Human Activity Tracker and Recognition


  • Vishisht Saxena Amity University Uttar Pradesh
  • P. Singh Amity School of Engineering and Technology, Amity University Uttar Pradesh, Lucknow Campus, India
  • Avimanyou Vatsa Fairleigh Dickinson University, Teaneck, New Jersey, USA



Deep Learning, Machine Learning, Artificial Intelligence, Human Activity Recognition, Feature Extraction


Human Activity Recognition (or, HAR) is a piece of software that uses AI algorithms to recognize and categories human physical activity. By analyzing signal data from multiple sensors such as accelerometers, gyroscopes, and magnetometers, the sys-tem is meant to recognize and categorize physical activities such as walking, running, leaping, ascending stairs, and others. To recognize human activity patterns, the HAR system employs signal preprocessing, feature extraction, and classification algo-rithms. The use of simulated intelligence techniques such as deep learning computa-tions, convolutional brain organizations, and supporting vector machines has im-proved the display of HAR frameworks. The system may be utilized for a variety of purposes, including security, sports, fitness, and healthcare. In general, the HAR framework provides a beneficial value to robotized human activities. Man-made reasoning (Artificial Intelligence) plays an important role in Human Activity Recogni-tion by allowing frameworks to learn and adapt to new conditions. In general, HAR framework is beneficial asset to robotized human movement recognition, working with the advancement of clever frameworks that can research human be-haviour and work on personal fulfilment. Overall, Human Activity Recognition Using Computerized Reasoning is promising innovation that enables intelligent frame-works to perceive and group human activities gradually. This breakthrough has the potential to disrupt several businesses and improve people's personal pleasure by enabling personalized medical treatment, improving game execution, and improving street safety. The creation of this software sets the path for more study into themes such as the relationship between individual health status and physical activity. Over-all, creating a fruitful Human Action Acknowledgement project utilizing recordings necessitates a broad understanding of AI and Profound Learning methods. As a re-sult, success of this project highlights the value of creativity and perseverance in learning. Finally, it is the initial step towards developing more advanced systems that will improve people's lives in the future.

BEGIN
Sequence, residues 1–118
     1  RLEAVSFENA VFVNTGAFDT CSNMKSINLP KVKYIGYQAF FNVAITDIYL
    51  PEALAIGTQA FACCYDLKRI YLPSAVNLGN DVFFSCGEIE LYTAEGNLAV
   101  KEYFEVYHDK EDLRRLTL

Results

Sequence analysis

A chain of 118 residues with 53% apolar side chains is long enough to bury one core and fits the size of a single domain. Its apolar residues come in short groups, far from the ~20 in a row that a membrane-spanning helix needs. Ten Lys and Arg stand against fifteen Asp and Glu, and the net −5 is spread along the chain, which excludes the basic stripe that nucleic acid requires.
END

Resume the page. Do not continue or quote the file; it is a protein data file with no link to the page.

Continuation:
Download data is not yet available.


J. Wang, Y. Chen, H. Hao, and B. Peng, “A Survey on Human Activity Recognition Using Wearable Sensors,” IEEE Access, vol. 7, pp. 37530–37549, 2019.

J. Gao, Z. Yang, J. Wu, & J. Zhang, “A comprehensive review of human activity recognition with wearable sensors,” Sensors, vol. 20, issue 4, pp. 1238.

S. Ranawaya and P. K. Atrey, “Human activity recognition using machine learning techniques: A review,” Journal of Ambient Intelligence and Humanized Computing, vol. 10, no. 4, pp. 1271–1287, 2019.

L. Atallah, B. Lo, and R. King, “Human activity recognition using a single accelerometer placed at the wrist or ankle,” Medicine and Science in Sports and Exercise, vol. 50, no. 3, pp. 624–633, 2018.

W. A. Khan, & K. Y. Lee “Human activity recognition using smartphone sensors and deep learning,” Sensors, vol. 18, no. 5, 2018.

F. Harrou and C. Tanougast, “Human activity recognition using deep learning: A review,” IET Computer Vision, vol. 13, no. 5, pp. 452–460, 2019..

A. Bulling, U. Blanke, and B. Schiele, “A tutorial on human activity recognition using body-worn inertial sensors,” ACM Comput. Surv., vol. 46, no. 3, pp. 1–33, 2014.

S. J. Pan and Q. Yang, “A survey on transfer learning,” IEEE Trans. Knowl. Data Eng., vol. 22, no. 10, pp. 1345–1359, 2010.

M. Sharma, & B. R. Pachori, “Human activity recognition from accelerometer data using deep learning”. PloS One, vol. 11, no. 12, e0168700.

W. Zhang, H. Li, D. Zheng, A. K. Sabbir, D. Xie, and D. Essam, “Human activity recognition using machine learning and deep learning techniques: A review,” Wireless Communications and Mobile Computing, 2020.

A. Tyagi, P. Singh, and H. Dev, “Proposed spatio‐temporal features for human activity classification using ensemble classification model,” Concurr. Comput., vol. 35, no. 6, pp. 1–1, 2023.





How to Cite

V. Saxena, P. Singh, and Avimanyou Vatsa, “Human Activity Tracker and Recognition”, J. Manage. Serv. Sci., vol. 3, no. 2, pp. 1–20, Nov. 2023.




Research Article